Metal fans, especially those of a more extreme persuasion, tend to be very Conservative when it comes to their music. We celebrate ‘traditional’ takes on the genre, often at the expense of some of the more innovative and original artists out there. Therefore, its great to see an artist like Atlantis, a one-man project conceived by The Netherlands’ Gilson Heitinga, eschewing the clichés that surround doom and really playing with the parameters of the genre on this latest release, ‘Omens’.
If you’re looking for a traditional doom band, this isn’t where you’ll find it – whilst many of the features of the genre are here, with long, atmospheric, riff-based songs and a luxuriantly dark, grand, heavy atmosphere. However, you won’t find ‘Omens’ overflowing with familiar, bluesy pentatonics – instead, Heitinga builds up layer after crushing layer of crushing, harmonically rich chord work to create something that is reminiscent of Cloudkicker’s stunning instrumental post-rock/metal.
Atlantis’s music can hover around the same riff for minutes on end, but intelligent progression ensures that as a listener, you never find your attention slipping, especially in the midst of the sublimely thick and complex textures of title track ‘Omens’ or the eerie ‘Widowmaker’. Meanwhile, tracks like ‘The Path Into’ and segments of the magnificent ‘And She Drops The 7th Veil’ experiment with less heavy sounds, albeit just as dark, utilizing spaced-out ambient textures which only serve to accentuate the more powerful moments on the album.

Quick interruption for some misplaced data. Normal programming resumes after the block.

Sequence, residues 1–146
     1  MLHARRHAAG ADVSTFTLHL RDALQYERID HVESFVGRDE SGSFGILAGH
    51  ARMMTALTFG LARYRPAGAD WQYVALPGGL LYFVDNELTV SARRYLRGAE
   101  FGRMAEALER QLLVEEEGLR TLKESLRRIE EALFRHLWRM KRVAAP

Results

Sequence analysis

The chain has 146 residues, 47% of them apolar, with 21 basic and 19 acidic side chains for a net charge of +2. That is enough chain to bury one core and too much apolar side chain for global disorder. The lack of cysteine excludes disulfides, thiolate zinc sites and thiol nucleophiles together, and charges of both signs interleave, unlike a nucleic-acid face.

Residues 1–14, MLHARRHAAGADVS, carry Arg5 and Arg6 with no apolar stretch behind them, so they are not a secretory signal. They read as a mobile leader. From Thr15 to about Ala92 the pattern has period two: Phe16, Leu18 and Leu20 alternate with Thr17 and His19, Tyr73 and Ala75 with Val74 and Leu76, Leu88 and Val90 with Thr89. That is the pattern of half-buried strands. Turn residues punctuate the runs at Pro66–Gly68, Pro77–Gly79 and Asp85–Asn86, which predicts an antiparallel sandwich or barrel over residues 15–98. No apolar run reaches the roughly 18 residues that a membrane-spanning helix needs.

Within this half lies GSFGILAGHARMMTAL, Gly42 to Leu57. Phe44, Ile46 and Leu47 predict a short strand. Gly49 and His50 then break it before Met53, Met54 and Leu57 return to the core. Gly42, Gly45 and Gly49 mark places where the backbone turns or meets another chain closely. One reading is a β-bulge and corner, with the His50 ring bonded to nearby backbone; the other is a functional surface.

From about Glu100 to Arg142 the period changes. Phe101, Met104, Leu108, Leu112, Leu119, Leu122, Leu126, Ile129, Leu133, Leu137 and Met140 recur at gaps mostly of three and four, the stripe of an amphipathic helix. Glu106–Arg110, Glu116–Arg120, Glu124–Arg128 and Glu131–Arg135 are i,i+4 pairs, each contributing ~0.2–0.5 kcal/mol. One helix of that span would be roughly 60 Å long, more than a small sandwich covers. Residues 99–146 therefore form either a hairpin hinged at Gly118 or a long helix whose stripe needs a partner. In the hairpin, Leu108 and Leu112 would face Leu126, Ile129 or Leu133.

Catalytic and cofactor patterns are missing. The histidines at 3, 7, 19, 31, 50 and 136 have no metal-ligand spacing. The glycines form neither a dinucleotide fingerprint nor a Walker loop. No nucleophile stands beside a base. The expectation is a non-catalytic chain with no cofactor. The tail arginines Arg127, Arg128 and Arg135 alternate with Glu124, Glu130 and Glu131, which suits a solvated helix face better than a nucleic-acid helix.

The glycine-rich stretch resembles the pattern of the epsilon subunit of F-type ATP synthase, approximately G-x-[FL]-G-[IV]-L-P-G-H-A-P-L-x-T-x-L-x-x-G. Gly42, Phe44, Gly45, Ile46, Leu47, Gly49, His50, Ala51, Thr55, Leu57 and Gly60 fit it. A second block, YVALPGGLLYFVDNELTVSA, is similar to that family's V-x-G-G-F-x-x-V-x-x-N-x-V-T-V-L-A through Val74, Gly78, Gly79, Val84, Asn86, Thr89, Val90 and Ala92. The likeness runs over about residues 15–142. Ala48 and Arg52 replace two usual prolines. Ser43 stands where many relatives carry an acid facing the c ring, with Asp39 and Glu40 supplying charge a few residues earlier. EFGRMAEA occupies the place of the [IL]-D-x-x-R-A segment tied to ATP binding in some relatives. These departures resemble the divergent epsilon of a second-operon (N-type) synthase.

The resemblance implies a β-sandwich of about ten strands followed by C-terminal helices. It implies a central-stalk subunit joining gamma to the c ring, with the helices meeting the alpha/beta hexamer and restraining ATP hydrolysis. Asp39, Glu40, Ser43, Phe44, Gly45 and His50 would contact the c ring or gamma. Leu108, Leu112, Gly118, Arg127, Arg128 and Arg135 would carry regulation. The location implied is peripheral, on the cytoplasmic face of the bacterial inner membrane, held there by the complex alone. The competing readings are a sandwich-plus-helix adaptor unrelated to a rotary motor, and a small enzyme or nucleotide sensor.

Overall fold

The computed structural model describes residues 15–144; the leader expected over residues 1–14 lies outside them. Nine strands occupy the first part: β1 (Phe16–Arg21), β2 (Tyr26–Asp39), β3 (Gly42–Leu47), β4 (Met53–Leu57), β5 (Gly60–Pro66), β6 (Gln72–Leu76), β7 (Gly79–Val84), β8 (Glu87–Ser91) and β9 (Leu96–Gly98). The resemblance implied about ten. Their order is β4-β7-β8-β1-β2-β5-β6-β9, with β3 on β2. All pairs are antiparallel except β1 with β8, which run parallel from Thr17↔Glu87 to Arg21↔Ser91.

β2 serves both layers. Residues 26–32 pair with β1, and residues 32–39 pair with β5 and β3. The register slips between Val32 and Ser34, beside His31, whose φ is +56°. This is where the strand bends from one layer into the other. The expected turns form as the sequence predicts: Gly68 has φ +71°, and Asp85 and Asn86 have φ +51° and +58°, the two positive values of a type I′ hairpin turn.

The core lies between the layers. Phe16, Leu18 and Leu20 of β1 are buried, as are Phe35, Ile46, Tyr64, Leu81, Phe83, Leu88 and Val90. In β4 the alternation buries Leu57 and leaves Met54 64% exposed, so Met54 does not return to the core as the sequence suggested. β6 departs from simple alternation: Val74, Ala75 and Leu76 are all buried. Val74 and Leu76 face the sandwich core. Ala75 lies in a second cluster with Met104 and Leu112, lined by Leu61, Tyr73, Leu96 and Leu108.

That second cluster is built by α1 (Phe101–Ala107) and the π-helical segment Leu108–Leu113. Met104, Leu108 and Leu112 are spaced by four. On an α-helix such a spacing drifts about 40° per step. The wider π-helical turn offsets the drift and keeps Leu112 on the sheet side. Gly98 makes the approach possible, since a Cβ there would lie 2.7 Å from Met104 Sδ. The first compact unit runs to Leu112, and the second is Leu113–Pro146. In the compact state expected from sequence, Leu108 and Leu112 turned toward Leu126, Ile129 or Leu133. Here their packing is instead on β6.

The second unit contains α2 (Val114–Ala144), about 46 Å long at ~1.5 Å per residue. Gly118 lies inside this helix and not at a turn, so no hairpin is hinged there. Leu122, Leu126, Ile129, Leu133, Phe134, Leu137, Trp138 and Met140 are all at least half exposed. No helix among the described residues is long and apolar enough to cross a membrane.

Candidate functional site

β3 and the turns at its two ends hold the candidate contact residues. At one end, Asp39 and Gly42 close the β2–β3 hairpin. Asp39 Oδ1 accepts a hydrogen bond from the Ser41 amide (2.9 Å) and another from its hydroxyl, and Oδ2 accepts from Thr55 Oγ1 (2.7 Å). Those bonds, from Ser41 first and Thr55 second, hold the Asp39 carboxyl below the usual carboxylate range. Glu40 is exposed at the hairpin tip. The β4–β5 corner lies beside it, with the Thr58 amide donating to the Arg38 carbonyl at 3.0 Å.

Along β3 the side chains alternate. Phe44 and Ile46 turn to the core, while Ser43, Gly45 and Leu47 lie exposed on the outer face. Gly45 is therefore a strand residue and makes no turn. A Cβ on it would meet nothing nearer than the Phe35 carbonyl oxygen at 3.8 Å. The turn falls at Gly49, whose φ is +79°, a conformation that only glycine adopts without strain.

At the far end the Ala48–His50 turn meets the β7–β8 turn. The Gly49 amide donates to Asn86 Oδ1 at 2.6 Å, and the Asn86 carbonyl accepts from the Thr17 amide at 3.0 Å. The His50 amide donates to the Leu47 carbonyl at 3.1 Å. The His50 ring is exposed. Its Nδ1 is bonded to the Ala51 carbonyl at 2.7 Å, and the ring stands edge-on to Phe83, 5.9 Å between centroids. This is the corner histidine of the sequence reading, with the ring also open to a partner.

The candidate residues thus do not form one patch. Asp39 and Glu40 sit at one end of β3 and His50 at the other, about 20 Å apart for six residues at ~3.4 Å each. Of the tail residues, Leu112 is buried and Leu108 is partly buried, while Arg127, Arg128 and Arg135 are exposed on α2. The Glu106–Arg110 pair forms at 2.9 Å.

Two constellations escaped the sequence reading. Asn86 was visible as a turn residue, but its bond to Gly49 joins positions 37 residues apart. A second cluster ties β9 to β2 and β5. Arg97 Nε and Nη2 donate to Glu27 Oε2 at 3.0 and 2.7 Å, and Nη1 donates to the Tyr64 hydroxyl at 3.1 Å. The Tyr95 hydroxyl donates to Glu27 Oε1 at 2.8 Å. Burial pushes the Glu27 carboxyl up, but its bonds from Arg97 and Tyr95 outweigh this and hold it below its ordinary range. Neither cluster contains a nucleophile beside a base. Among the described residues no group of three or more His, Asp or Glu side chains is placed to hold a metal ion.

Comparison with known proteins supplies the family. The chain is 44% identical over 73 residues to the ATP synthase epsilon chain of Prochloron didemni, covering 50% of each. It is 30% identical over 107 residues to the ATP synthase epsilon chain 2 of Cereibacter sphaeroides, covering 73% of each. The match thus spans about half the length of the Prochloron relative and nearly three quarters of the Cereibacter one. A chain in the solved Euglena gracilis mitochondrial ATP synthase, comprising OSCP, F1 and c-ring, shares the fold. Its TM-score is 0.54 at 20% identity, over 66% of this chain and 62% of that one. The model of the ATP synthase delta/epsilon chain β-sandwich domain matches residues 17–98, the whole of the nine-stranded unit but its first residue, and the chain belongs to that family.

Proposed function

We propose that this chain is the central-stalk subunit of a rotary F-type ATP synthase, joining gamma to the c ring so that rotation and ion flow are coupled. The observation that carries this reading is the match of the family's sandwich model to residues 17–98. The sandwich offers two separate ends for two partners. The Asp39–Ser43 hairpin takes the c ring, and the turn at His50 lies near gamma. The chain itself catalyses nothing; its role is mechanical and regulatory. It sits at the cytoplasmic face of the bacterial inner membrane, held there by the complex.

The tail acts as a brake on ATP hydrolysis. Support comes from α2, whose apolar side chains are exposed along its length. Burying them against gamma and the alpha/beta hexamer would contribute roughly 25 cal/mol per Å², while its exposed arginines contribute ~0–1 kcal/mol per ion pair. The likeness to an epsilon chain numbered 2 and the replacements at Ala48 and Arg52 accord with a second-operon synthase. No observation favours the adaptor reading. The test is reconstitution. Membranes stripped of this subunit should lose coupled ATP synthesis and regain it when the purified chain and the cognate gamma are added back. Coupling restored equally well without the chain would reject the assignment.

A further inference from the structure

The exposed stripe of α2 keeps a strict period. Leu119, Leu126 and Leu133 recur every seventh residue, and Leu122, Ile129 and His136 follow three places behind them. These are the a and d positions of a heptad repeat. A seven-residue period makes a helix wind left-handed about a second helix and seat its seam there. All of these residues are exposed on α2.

I’ve already talked about Atlantis’s penchant for innovation, and this also extends to the instrumentation on ‘Omens’, perhaps its most interesting feature. Although the album is built on a familiar base of guitar, bass and drums, it heavily features electronic sounds. However, unlike most industrial rock/metal, which tends to present a binary between traditional ‘rock band’ instrumentation and electronic elements, synthesizers are blended flawlessly into Heitinga’s intelligent riffery. Equally, the trumpet in ‘Raptor’ fits well with the atmosphere of the album as a whole, and presents a welcome and unpredicted change from the expected format of a metal album.
Throughout this review, I’ve praised Atlantis for its more experimental, progressive elements, but I should also point out that traditional doom fans will find plenty of welcome familiarity in ‘Omens’ – ‘And She Drops The 7th Veil’ features a riff which will surely get any head nodding, and at its best, such as at the peak of ‘Widowmaker’, where a disturbing vocal sample aided by rippling, spacey rushes of static cascades into a hugely heavy, layered guitar riff. This most certainly isn’t progressivism for the sake of progressivism, and in ‘Omens’, Atlantis has created a genuinely original piece of music which I’d urge fans of interesting, unusual heavy music to check out.
Scribed by: Tal Fineman